The role of apprenticeships 

To attract a diverse range of people to these roles, we need to support and work with the businesses and industries that provide the apprenticeships. Apprenticeships offer a career pathway which could appeal to a diverse group of people, but we are still seeing huge gender imbalance between applicants for certain subjects.

There are inherent misconceptions around apprenticeships and tackling those will be a huge challenge. This Commission can provide that support by offering practical advice and solutions to help address barriers to improving gender diversity.

Thomas Wild

I envisage a lot of this being around language, how we describe roles, occupations and skills to children learning at school, and for people considering and applying for a job or apprenticeship, and ensuring that no unconscious bias creeps in. 

‘Targeted’ interventions 

I presented at a recent Gender Commission meeting, where I spoke to the group about the work we were doing with our industry partners. 

Over the last 6 years, YESC have delivered the Scottish element of a UK wide programme called Energy Quest with over 3150 days of workshops delivered across the UK. It encourages pupils to find out about sustainable energy and learn about engineering careers and pathways.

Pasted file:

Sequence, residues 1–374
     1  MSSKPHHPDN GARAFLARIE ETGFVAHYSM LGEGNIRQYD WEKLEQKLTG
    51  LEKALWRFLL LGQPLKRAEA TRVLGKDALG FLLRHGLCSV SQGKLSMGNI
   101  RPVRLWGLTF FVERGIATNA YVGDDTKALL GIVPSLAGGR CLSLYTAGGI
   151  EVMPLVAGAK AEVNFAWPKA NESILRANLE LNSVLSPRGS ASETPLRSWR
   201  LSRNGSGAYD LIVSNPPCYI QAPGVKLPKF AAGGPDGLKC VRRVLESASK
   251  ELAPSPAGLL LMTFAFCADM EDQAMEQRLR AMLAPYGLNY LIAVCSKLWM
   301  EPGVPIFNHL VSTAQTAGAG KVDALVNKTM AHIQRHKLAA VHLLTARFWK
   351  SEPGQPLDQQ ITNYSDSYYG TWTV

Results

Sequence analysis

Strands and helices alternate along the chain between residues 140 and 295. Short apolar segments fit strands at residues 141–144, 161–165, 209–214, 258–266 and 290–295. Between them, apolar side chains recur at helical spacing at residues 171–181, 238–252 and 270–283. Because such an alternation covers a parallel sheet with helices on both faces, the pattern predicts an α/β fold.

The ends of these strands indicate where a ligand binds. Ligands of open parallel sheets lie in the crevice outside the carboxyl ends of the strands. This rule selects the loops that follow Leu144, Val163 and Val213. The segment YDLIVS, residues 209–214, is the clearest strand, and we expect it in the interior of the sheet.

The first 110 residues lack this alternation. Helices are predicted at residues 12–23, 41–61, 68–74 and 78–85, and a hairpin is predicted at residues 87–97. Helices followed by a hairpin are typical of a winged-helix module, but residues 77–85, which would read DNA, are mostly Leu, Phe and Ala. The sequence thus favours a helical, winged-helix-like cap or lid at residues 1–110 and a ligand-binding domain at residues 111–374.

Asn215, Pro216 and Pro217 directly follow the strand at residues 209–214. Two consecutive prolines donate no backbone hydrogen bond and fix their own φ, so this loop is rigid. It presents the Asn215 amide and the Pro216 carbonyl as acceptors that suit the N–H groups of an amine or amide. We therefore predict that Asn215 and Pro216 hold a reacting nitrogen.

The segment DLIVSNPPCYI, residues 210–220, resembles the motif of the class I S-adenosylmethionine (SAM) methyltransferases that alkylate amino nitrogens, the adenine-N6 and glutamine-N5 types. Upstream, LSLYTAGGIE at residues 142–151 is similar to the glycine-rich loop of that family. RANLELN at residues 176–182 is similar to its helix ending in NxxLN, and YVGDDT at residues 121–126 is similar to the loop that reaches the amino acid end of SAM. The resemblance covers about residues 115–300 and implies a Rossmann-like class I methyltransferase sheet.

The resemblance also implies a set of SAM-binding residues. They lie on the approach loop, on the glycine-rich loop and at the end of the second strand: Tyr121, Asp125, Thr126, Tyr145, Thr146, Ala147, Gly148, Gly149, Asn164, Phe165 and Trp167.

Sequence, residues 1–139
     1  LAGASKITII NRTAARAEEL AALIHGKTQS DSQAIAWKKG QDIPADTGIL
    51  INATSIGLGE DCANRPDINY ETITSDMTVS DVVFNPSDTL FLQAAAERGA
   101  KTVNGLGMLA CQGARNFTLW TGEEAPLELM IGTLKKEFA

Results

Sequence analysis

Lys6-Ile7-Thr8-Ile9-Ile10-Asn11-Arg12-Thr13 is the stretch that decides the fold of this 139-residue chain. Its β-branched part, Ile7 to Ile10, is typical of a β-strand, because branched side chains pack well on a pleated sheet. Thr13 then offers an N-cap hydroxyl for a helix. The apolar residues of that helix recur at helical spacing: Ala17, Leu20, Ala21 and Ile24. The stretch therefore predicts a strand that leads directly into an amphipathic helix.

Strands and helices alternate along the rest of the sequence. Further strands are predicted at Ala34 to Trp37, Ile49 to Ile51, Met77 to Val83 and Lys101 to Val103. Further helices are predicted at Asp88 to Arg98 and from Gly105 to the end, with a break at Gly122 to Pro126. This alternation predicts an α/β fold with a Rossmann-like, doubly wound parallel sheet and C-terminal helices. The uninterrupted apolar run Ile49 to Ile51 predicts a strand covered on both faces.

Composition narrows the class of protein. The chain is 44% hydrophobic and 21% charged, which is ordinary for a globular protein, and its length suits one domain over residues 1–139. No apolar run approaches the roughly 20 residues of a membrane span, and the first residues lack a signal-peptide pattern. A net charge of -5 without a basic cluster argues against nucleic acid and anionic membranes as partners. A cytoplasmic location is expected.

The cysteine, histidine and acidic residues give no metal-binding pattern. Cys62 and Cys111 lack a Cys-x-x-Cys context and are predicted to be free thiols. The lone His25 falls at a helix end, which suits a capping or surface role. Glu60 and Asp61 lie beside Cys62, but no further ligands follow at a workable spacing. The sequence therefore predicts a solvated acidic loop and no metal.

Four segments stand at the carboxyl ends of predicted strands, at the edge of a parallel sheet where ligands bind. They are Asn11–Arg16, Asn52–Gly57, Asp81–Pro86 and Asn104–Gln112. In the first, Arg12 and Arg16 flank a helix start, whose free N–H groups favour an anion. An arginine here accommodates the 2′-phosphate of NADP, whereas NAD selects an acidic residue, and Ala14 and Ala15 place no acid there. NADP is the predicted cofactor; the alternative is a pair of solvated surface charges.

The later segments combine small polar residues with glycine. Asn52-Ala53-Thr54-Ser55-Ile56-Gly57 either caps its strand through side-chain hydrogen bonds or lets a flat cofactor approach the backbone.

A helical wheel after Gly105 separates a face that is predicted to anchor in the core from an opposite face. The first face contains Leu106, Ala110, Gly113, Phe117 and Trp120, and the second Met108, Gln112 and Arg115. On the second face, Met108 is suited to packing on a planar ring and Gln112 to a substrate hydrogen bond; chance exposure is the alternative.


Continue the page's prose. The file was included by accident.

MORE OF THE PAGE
As the programme enters the next three-year phase, the focus is now firmly on engaging groups underrepresented within engineering – girls, minority-ethnic groups, those from socially deprived areas and those from areas of geographic remoteness. These targeted interventions are crucial to challenge stereotypes and address the imbalance.  

Changing attitudes to occupations 

Programmes of this scale offer an amazing opportunity to evaluate attitudes and create impact at a meaningful level. For example, 56% of those who take part in a workshop, say a career in engineering is desirable, compared with 39% of the general population. 69% have positive perceptions of engineering compared to 51% of the general population.  

Effective evaluation is crucial if we are to identify high impact programmes across the country and learn from best practice. Without this, we may be doing more harm than good. A standardised evaluation template that businesses can use will be explored further by the commission in coming weeks. 


While large national programmes play a key role in changing perceptions and often get a lot of coverage, local connections are hugely valuable. Mark Anderson, Head Teacher of Prestwick Academy highlighted the importance of his school’s partnership with local businesses, Prestwick Airport and local colleges.  

Small and medium-sized businesses have a central role to play, as they offer the majority of apprenticeship places across the country. My hope is that the Gender Commission is able to provide the tools and advice that gives SMEs the confidence to engage positively with local schools. 

Ultimately it will come down to businesses across the country to take the recommendations of the Commission and look inwardly. Those that do, will reap the benefits that a diverse workforce brings.  


Find out more about the SAAB Gender Commission.